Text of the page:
Home > General Knowledge, History > 65/365 – Battle of Plassey

65/365 – Battle of Plassey

The Battle of Plassey, 23 June 1757, was a decisive British East India Company victory over the Nawab of Bengal and his French allies, establishing Company rule in South Asia which expanded over much of the Indies for the next hundred years.

 

 

The battle took place at Palashi, Bengal (Plassey is the anglicised version of Palashi), on the river banks of the Bhagirathi River, about 150 km north of Calcutta, near Murshidabad, then capital of undivided Bengal. The belligerents were Siraj-ud-daulah, the last independent Nawab of Bengal, and the British East India Company.

The battle was preceded by the attack and plunder of Calcutta by Siraj-ud-daulah and the Black Hole tragedy. The British sent reinforcements under Colonel Robert Clive and Admiral Charles Watson from Madras to Bengal, and recaptured Calcutta.

Clive then seized the initiative to capture the French fort of Chandernagar. Tensions and suspicions between Siraj-ud-daulah and the British culminated in the Battle of Plassey. The battle was waged during the Seven Years’ War (1756–63) and, in a mirror of their European rivalry, the French East India Company sent a small contingent to fight against the British.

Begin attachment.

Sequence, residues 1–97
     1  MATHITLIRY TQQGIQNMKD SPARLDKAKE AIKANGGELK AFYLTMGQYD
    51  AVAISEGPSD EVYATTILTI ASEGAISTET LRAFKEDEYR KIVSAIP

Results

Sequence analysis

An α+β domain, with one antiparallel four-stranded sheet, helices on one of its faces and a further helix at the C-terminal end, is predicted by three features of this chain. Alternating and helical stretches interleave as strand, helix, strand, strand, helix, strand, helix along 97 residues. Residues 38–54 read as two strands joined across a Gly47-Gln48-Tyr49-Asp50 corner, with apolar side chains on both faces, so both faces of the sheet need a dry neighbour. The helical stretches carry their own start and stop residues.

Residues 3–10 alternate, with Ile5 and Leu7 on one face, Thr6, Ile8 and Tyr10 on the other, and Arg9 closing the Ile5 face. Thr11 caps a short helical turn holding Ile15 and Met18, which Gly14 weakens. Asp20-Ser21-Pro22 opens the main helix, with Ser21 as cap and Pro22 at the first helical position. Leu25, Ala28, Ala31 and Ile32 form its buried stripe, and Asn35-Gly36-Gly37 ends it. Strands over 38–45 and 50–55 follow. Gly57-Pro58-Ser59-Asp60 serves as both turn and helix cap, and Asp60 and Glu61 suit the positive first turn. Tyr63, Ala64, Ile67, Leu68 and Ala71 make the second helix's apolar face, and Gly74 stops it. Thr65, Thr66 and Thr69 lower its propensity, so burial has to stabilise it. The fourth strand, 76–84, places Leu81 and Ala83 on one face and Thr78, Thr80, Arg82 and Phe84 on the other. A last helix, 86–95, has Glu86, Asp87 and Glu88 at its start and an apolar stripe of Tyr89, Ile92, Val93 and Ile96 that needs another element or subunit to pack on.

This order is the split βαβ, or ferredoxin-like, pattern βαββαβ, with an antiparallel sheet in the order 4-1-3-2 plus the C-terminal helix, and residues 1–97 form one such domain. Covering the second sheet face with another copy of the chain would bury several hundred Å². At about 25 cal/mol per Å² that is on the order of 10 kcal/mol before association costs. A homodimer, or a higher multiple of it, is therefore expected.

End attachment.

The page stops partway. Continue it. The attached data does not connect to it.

Siraj-ud-Daulah had a numerically superior force and made his stand at Plassey. The British, worried about being outnumbered, formed a conspiracy with Siraj-ud-Daulah’s demoted army chief Mir Jafar, along with others such as Yar Lutuf Khan, Jagat Seths (Mahtab Chand and Swarup Chand), Omichund and Rai Durlabh. Mir Jafar, Rai Durlabh and Yar Lutuf Khan thus assembled their troops near the battlefield but made no move to actually join the battle.

Siraj-ud-Daulah’s army was defeated by roughly 3,000 soldiers of Col. Robert Clive, owing to the flight of Siraj-ud-daulah from the battlefield and the inactivity of the conspirators.

This is judged to be one of the pivotal battles in the control of South Asia by the colonial powers. The British now wielded enormous influence over the Nawab and consequently acquired large amounts of concession for previous losses and revenue from trade.

The British further used this revenue to increase their military might and push the other European colonial powers such as the Dutch and the French out of South Asia, thus expanding the British Empire in Asia.

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Categories: General Knowledge, History
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